Stroke is a common cause of disability or death. A second episode of stroke or transient ischemic attack (TIA) may not be the same type as the initial event. Patients with a previous TIA or stroke are likely to have other vascular events, including myocardial infarction. Secondary prevention involves management of all of the modifiable risk factors for stroke (see accompanying table) and treating the causes of the initial episode.
Lees and associates reviewed four questions that, when answered, provide the appropriate path to secondary prevention of stroke. First, is it acute cerebrovascular disease? The key features of acute cerebrovascular disease are focal neurologic deficit, sudden onset and the absence of an alternative explanation for symptoms.
The second question asks, is it ischemic or hemorrhagic stroke? Infarction cannot be easily distinguished from intracerebral hemorrhage based solely on history and physical examination, which makes cerebral imaging essential. Immediately after the episode, computed tomographic (CT) scan identifies hemorrhage, but a few weeks after the onset of symptoms, the distinction between hemorrhage and infarction becomes difficult. Small hemorrhages may be missed after one week. Magnetic resonance imaging (MRI) is more sensitive than CT for detecting brain stem, cerebellar and small ischemic strokes. Hemorrhagic episodes are identifiable by MRI long after they become undetectable on CT.
Third, is the cause cardioembolic or vascular? An ischemic stroke caused by embolism from the heart or major blood vessels requires full anticoagulation. Transthoracic echocardiography is usually adequate, but transesophageal echocardiography is needed if the results are equivocal or the index of suspicion is high.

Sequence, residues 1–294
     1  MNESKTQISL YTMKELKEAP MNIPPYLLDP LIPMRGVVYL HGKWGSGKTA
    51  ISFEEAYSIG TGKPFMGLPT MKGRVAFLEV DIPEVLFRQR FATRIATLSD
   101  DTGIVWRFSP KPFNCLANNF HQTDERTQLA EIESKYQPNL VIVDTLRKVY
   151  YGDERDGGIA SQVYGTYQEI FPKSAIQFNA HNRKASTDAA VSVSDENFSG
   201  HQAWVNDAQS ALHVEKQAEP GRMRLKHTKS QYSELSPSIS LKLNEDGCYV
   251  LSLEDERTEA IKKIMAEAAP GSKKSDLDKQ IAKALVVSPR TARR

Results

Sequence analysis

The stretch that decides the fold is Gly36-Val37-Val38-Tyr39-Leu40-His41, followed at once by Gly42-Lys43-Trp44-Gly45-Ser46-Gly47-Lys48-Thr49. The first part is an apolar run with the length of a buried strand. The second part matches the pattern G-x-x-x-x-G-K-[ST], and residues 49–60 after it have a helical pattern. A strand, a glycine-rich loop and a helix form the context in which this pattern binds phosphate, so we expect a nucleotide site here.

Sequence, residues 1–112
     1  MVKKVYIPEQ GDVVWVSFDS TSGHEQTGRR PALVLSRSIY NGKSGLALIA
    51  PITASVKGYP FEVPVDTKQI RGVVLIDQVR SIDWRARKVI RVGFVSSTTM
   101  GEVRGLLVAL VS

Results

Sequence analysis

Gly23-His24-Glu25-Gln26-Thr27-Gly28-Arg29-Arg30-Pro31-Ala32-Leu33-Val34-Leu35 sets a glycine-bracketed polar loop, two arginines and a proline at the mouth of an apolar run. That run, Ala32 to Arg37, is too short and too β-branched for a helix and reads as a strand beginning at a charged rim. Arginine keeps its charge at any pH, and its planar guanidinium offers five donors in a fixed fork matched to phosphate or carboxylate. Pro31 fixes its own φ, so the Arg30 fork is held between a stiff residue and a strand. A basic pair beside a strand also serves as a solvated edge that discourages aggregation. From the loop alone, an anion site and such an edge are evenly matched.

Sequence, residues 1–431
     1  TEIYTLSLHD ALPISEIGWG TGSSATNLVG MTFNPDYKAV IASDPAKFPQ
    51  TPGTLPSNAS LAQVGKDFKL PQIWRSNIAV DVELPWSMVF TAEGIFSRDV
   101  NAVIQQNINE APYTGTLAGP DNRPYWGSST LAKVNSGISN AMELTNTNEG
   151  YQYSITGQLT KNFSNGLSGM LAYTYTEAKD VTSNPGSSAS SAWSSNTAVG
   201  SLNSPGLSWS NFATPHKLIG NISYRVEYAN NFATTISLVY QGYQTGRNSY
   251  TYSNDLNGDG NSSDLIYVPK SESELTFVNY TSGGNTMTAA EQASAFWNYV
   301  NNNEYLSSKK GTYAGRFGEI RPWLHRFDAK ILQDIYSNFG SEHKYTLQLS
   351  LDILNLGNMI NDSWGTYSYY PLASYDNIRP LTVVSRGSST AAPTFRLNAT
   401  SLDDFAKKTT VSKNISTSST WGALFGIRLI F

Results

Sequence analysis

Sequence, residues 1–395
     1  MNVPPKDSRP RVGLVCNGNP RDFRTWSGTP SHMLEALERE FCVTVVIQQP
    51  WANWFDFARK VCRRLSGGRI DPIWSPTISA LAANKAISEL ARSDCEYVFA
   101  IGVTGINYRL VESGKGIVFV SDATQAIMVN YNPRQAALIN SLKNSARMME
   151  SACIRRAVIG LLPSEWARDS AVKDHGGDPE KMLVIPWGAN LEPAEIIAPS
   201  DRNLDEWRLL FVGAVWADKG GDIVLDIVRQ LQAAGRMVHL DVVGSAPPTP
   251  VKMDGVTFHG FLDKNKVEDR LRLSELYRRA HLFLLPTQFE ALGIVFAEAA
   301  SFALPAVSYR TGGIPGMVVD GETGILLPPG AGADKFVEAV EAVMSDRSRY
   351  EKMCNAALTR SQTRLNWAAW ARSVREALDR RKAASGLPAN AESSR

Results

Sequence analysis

Finally, is the anterior or posterior circulation involved? The vertebrobasilar arteries supply the brain stem, cerebellum and occipital lobes. The cerebral hemispheres are supplied through the carotid artery.
|Smoking||Little physical exercise|
|Diabetes mellitus||Low temperature|
|Diet: high salt and fats, low potassium and vitamins||Cholesterol concentration—at least in patients with coronary disease|
|Excess alcohol intake|
Risk factor management includes smoking cessation, elevated blood pressure management, normalization of serum blood glucose levels in diabetic patients and lipid control with statin drugs. The use of statin drugs in patients with normal lipid levels and the reduction of elevated plasma homocysteine levels with folate and pyridoxine supplements may also be useful.
Anticoagulation with warfarin to an International Normalized Ratio (INR) of 2.0 to 3.0 is appropriate in patients with atrial fibrillation and those with other clear sources of cardiac embolism. Patients with mechanical heart valves require a target INR of 2.5 to 4.5. In all other patients with ischemic stroke, antiplatelet therapy with low-dose aspirin, or possibly an aspirin-dipyridamole combination, is first-line treatment. Dipyridamole alone does not prevent cardiac embolic events or overall mortality. Clopidogrel may be more effective than aspirin but is probably not cost-effective for initial treatment and should be reserved for use in patients with aspirin intolerance.
The authors conclude that secondary prevention of stroke requires dietary, smoking, medical and, possibly, surgical intervention. Carotid endarterectomy and, in select cases, carotid angioplasty are appropriate in patients with recent carotid area symptoms and significant ipsilateral stenosis (greater than 70 percent). The surgery should be performed by an experienced staff. Patient compliance with treatments must be monitored, as should progression of vascular disease complications in the kidneys, heart and brain.
editor's note: The fixed-dose combination of extended-release dipyridamole and aspirin (Aggrenox) combines two antiplatelet agents with different modes of action. This combination reduces thrombus formation. In patients with prior stroke or TIA, the rate of the combined end point of stroke and death is lower with this combination than with aspirin alone. The end point of death alone does not appear to be reduced by any treatment. No studies are available comparing the combination of aspirin and dipyridamole with clopidogrel, ticlopidine or anticoagulants. Adverse events are mild. The recommended dosage of the combination therapy for stroke prevention is one capsule containing 25 mg of aspirin and 200 mg of extended-release dipyridamole, two times daily. Consultants from The Medical Letter conclude that the combination in Aggrenox might be more effective than a low dose of aspirin alone in preventing stroke in patients who have had a TIA or ischemic stroke, with little additional toxicity, but it is much more expensive and has not been more effective than aspirin alone in preventing death.—r.s.